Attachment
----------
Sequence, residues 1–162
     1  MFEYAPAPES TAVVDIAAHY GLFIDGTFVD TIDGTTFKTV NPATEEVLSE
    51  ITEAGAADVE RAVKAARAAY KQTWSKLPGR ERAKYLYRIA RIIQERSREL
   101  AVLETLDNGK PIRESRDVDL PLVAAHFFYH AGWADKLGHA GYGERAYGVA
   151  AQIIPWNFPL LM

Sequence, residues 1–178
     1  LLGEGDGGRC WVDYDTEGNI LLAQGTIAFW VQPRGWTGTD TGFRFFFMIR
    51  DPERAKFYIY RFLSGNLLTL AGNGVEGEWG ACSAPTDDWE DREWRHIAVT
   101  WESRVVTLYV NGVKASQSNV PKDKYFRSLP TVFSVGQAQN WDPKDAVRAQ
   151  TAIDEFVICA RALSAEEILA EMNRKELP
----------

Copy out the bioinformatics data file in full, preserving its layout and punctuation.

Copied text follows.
Sequence, residues 1–162
     1  MFEYAPAPES TAVVDIAAHY GLFIDGTFVD TIDGTTFKTV NPATEEVLSE
    51  ITEAGAADVE RAVKAARAAY KQTWSKLPGR ERAKYLYRIA RIIQERSREL
   101  AVLETLDNGK PIRESRDVDL PLVAAHFFYH AGWADKLGHA GYGERAYGVA
   151  AQIIPWNFPL LM

Sequence, residues 1–178
     1  LLGEGDGGRC WVDYDTEGNI LLAQGTIAFW VQPRGWTGTD TGFRFFFMIR
    51  DPERAKFYIY RFLSGNLLTL AGNGVEGEWG ACSAPTDDWE DREWRHIAVT
   101  WESRVVTLYV NGVKASQSNV PKDKYFRSLP TVFSVGQAQN WDPKDAVRAQ
   151  TAIDEFVICA RALSAEEILA EMNRKELP